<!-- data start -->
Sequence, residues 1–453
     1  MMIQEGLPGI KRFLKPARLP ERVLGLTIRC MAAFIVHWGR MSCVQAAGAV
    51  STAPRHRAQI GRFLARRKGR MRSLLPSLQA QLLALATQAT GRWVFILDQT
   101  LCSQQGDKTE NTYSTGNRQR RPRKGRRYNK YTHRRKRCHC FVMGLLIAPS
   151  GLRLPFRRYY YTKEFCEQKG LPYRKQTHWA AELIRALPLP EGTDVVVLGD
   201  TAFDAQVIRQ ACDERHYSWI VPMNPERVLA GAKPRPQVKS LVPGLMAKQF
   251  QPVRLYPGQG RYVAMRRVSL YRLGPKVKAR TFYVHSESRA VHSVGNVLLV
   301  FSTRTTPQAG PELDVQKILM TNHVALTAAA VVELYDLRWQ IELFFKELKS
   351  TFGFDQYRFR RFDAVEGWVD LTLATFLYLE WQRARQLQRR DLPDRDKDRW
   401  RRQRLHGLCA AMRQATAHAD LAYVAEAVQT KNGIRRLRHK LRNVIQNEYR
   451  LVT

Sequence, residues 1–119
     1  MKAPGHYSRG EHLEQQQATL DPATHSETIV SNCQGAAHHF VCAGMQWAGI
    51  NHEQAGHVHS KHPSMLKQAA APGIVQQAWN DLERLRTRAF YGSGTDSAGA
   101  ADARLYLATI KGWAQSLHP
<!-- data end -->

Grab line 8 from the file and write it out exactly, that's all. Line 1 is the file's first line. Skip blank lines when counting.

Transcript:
   301  FSTRTTPQAG PELDVQKILM TNHVALTAAA VVELYDLRWQ IELFFKELKS